Pineapple-inspired bowl (orange) with green leaves surrounding the edge. Only five of the 10 leaves are finished.

The orange part of the bowl took 30 hours to print. The leaves each took about an hour, so there’s ~35 hours of print time here. Total time was over 40 hours once all 10 leaves were finished.

Remixes take the open nature of 3D printable designs to the next level. People can adapt a previous design to a different device, or take a part and make it better, stronger, or faster to print. Since so many files are open source you’re free to adapt an item to your needs. I can’t count the number of times I’ve thought that something I’d purchased was pretty cool except for one issue that I repeatedly turned over in my head. Without an easy way to make a replacement part, I was stuck with it. Now with a 3D printer, I can download a design, change anything I don’t like and upload my remix for others to find. While watching a part print can feel excruciatingly slow at times (the pineapple bowl took almost two days at 130% size), making something and being able to iterate on the design is still much faster than with most other methods.

These remixes extend to things you already own too. While I can’t print a replacement saucepan yet, I can repair or improve a lot of objects around the house. There’s a great subreddit for functional prints with lots of cool ideas, and Thingiverse has a pretty big section for replacement parts. DeskGrown is a new company that sells parts that can’t be printed for their designs and gives away the printable files for free. They have a clock and a set of headphones so far. I think we’ll see more of this hybrid model popping up since desktop 3D printers are limited to plastics at the moment.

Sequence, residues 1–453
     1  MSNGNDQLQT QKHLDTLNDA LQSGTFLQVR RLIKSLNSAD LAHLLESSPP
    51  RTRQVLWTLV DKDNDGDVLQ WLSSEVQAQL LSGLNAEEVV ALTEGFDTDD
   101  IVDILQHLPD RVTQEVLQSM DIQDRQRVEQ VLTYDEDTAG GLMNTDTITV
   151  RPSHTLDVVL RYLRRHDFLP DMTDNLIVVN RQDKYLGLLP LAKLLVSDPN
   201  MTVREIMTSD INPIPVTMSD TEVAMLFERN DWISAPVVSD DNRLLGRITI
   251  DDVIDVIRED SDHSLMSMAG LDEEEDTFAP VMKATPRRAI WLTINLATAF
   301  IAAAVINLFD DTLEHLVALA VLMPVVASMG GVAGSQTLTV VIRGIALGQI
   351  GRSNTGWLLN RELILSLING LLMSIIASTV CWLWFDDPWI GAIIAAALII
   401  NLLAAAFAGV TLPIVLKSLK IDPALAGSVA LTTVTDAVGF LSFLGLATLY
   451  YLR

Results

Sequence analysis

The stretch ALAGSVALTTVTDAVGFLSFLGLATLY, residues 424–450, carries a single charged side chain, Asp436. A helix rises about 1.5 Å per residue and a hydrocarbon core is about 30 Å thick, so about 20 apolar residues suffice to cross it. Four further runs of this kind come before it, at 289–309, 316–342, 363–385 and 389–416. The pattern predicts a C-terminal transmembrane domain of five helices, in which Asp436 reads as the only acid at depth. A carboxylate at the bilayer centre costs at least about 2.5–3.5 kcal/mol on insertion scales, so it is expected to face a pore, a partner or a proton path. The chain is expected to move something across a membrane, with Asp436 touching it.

While to some extent, 3D printing is over-hyped, I think it will be one of the critically enabling technologies for a solarpunk world. Not everything can be 3D printed, but a lot of everyday objects can be, meaning you can ship 1 kg of filament to your house and make several things for the same amount of packaging, cost, and environmental waste you would have for one item before.

The two main drawbacks of 3D printing are the learning curve and generation of plastic waste. As a beginner, I have had several failed prints. I believe the number of failed prints will go down considerably as I get more experience with the printer, but 3D printing is still not a zero waste manufacturing process. I am keeping failed prints and other scraps in a bag in hopes that I will be able to reprocess it into fresh filament in the future.

Failed cat ball toy print looks more like spaghetti...

This doesn’t look like a cat ball…